Barbecue aficionados may scoff at a pulled pork sandwich outside of North Carolina, but chains including


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Applebee's, Carlson Companies' TGI Friday's,

Brinker International's

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Chili's, White Castle,

Texas Roadhouse

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and even Au Bon Pain and Subway have played around with pulled pork sandwiches on their menus. Though Packaged Facts seems to think this is a case of the market trending toward artisanal comfort food, the pulled pork sandwich, like the roll that holds it, seems to be suffering from oversaturation.


Branding surveys don't tend to recognize a burger unless


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Burger King


or, sometimes,


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cranked it off its fast-food assembly line. Surveys this summer by Zagat and Consumer Reports, however, show the public isn't all that interested in the big boys' cow shins on a shingle. The surveys had West Coast burger mecca In and Out and beefy Washington, D.C.-based chain Five Guys swapping first and second place while their publicly traded competitors sank to the bottom. Why are these chains and favorites such as Fatburger and Shake Shack getting the love while the king and the golden arches are considered guilty pleasures? It's the ingredients, stupid. The taste of fresh tomato and lettuce, the tastebuds' recognition of actual beef and the use of real, fresh-cut potatoes for fries and unorthodox components such as milk and ice cream for shakes make a difference. They tend to cost a whole lot more than the value menu items at bigger chains, but consumers seem willing to sacrifice cash for quality and let McDonald's and Burger King play catch up -- as they have by sandwiching stalwarts such as the Big Mac and Whopper between the beefier Angus and Steakhouse burgers.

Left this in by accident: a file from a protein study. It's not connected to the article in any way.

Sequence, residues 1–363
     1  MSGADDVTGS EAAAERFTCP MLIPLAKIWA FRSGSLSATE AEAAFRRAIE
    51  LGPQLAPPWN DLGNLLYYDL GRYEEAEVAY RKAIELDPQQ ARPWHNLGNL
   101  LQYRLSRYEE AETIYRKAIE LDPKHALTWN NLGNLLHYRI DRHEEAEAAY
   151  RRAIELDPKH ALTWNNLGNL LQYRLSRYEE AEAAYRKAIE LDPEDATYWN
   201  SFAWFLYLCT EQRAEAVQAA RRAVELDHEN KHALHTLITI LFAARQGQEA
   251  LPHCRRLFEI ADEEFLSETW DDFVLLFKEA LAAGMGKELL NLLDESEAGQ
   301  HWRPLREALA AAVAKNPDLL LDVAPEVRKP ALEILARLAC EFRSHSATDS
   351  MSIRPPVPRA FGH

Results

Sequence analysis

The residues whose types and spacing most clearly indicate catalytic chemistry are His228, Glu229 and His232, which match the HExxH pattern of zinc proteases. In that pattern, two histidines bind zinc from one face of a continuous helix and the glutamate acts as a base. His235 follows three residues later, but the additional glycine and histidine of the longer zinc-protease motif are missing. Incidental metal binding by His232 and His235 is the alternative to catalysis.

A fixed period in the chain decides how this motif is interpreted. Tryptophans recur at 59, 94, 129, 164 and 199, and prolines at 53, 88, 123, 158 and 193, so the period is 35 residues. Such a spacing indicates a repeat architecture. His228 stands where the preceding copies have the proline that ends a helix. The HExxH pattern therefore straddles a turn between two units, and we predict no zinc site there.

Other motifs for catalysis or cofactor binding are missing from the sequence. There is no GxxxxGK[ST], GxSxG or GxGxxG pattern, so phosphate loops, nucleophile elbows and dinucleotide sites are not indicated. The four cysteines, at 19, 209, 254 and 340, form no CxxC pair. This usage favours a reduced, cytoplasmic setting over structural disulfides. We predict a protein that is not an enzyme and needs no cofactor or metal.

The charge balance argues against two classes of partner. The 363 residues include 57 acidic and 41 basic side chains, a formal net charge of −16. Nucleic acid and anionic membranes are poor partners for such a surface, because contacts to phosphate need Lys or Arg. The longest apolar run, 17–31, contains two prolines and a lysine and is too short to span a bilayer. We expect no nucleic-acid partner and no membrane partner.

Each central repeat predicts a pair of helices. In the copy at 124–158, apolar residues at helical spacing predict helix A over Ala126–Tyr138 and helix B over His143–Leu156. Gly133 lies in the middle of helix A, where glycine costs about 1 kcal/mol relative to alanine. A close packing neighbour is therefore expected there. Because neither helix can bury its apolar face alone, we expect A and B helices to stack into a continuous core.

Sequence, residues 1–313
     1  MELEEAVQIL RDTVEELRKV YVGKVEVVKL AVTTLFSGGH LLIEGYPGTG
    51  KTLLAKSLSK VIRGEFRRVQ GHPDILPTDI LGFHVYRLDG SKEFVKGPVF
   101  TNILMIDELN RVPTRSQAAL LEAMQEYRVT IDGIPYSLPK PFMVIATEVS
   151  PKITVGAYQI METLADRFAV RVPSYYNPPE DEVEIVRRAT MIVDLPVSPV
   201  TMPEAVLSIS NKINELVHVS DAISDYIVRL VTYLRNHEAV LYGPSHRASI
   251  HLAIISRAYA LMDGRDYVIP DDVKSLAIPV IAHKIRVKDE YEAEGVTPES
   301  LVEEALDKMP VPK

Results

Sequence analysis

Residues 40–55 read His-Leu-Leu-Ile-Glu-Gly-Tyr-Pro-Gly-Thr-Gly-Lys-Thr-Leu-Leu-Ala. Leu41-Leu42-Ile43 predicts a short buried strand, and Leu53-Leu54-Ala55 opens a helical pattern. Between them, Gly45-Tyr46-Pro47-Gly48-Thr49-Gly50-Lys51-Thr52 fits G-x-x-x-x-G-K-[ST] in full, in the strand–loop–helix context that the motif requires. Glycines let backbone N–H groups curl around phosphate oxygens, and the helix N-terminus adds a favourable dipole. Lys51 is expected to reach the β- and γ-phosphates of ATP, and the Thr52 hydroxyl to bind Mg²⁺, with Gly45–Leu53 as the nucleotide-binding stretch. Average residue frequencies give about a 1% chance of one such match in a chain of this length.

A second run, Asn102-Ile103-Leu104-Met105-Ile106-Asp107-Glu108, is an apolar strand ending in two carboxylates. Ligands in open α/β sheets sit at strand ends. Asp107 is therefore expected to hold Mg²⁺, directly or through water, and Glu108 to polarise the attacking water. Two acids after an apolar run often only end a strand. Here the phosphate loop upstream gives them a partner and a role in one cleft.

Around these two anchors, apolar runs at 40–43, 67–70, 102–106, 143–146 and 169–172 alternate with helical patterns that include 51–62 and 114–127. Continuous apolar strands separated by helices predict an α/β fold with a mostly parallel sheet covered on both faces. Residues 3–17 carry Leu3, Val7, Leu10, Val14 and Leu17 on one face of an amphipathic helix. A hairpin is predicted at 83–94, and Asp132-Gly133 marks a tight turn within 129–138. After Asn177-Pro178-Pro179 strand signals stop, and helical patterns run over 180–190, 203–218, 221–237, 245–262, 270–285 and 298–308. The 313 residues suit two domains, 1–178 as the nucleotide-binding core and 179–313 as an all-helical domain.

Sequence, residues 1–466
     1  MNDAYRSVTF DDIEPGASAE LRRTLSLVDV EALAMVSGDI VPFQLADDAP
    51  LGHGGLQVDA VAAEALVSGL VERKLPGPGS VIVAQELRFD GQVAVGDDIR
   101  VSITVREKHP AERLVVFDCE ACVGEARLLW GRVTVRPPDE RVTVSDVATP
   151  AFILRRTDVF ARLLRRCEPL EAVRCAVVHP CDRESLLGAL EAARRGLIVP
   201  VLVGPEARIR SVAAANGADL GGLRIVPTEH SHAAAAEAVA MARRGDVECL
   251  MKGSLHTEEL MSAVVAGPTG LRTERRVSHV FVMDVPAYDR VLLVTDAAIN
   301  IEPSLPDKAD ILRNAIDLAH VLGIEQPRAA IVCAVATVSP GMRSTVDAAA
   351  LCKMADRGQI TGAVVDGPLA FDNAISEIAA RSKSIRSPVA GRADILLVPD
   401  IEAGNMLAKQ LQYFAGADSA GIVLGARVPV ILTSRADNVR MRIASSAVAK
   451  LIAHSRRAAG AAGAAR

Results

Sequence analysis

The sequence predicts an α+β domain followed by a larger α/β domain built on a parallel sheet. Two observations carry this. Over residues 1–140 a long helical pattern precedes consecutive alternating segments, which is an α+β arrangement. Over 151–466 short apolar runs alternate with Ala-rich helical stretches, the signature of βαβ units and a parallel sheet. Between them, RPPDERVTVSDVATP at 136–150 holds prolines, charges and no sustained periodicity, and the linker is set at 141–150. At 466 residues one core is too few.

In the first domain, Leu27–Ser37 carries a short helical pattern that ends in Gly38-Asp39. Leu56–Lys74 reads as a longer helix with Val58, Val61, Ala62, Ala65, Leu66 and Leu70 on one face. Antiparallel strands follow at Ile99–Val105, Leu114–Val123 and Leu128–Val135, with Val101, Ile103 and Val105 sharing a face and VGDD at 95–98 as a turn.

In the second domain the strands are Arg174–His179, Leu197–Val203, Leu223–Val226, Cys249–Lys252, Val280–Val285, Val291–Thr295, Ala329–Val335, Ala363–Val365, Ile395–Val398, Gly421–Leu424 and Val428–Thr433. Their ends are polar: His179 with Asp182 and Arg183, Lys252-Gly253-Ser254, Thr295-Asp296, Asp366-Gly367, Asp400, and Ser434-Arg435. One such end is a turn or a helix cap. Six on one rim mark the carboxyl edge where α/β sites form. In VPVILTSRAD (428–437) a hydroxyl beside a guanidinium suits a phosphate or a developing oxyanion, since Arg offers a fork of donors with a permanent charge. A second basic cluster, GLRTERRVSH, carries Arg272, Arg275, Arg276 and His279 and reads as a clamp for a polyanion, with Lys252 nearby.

--Written by Jason Notte in Boston.

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Jason Notte is a reporter for His writing has appeared in The New York Times, The Huffington Post,, Time Out New York, the Boston Herald, The Boston Phoenix, Metro newspaper and the Colorado Springs Independent.